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Aleksanteri Conference







McMahon, Robert J.

Reconsidering the Cold War in the Third World

This proposed paper aims to reconsider, in light of recent scholarship and newly available documentary evidence, the role of the Third World in the Cold War.  It seeks as well to reconsider the impact of the superpower conflict on the emerging states and societies of the developing world.

This contribution, if it is accepted for the Helsinki Conference, will represent my initial effort to write, present, and receive critical feedback on an interpretive introduction for a volume of original essays that I will be editing for publication with Oxford University Press, tentatively titled The Cold War in the Third World.  The volume will include ten essays, divided between those with a regional focus and those with a thematic focus (i.e.., economic development; decolonization; cultural interchange; state-building processes; and racial solidarity and transnational linkages). 

In the broadest sense, the volume–and the paper that I would like to present in Helsinki–intends to examine the intersection between two of the seminal developments of modern international history:  the Cold War and the rise of the Third World.  More specifically, it will address two distinct but closely interrelated sets of questions.  First, how did the Third World affect the course of the Cold War and the international behavior and priorities of the two superpowers?  In other words, how did perceptions of, rivalry over, and events within the Third World shape the overall Soviet-American contest for global dominance?  And, second, what impact did the Cold War exert on the developing states and societies of Asia, Africa, the Middle East, and Latin America?  What difference did it make, in short within the Third World.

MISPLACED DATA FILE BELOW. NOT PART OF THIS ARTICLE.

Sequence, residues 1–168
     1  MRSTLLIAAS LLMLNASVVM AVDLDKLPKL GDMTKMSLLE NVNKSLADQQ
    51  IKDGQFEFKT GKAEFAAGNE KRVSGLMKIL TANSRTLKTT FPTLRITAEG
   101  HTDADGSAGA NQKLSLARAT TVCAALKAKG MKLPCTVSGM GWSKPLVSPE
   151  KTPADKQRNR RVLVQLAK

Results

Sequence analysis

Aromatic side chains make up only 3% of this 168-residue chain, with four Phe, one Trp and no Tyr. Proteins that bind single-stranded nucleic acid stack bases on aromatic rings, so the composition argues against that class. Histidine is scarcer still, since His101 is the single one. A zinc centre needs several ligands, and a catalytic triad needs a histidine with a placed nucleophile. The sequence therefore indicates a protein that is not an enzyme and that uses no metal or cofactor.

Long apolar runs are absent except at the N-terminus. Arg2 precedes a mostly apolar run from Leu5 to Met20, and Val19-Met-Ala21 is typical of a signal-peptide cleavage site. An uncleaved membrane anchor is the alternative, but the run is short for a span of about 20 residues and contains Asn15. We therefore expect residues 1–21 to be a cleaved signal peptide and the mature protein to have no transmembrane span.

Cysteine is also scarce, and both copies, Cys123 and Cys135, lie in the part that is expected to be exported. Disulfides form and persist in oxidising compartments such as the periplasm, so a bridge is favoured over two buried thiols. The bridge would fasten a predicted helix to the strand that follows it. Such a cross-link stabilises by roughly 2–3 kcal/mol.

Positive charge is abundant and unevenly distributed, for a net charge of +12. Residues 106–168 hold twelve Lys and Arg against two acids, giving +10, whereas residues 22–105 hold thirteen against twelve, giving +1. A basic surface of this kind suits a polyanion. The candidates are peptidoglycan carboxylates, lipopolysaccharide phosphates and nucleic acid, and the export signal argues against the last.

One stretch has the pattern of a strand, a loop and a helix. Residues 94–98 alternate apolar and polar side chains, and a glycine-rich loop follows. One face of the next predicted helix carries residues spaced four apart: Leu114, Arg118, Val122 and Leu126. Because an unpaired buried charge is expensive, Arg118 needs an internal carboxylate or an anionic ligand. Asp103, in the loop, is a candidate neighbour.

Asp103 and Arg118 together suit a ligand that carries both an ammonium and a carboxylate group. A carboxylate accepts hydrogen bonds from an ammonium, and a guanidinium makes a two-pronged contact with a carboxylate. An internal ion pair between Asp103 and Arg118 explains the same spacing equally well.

The first generation of Cold War scholarship was overwhelmingly Eurocentric, concentrating on the Soviet-American confrontation in the heart of Europe while paying but cursory attention to non-Western areas.  In recent years, that imbalance has been righted.  Most scholars now recognize that the Cold War was a truly global phenomenon in which the Third World served as a critical theater and in which non-Western actors played a large and substantive role.  Yet well over ninety-five percent of the approximately twenty million who died in conflicts that raged across the globe during the Cold War era lost their lives in the Third World.  Our understanding of that crucial aspect of the Cold War remains inadequate.  My paper will attempt a fresh theoretical explanation of that critical issue.  I am conceiving this contribution as a broad-based and wide-ranging think piece.  I hope you will find it appropriate for your conference.

Friday 30 Oct, 13.45 - 15.45 SESSION 5
Panel: When the War Turned Hot: Struggles and Ideology in the Third World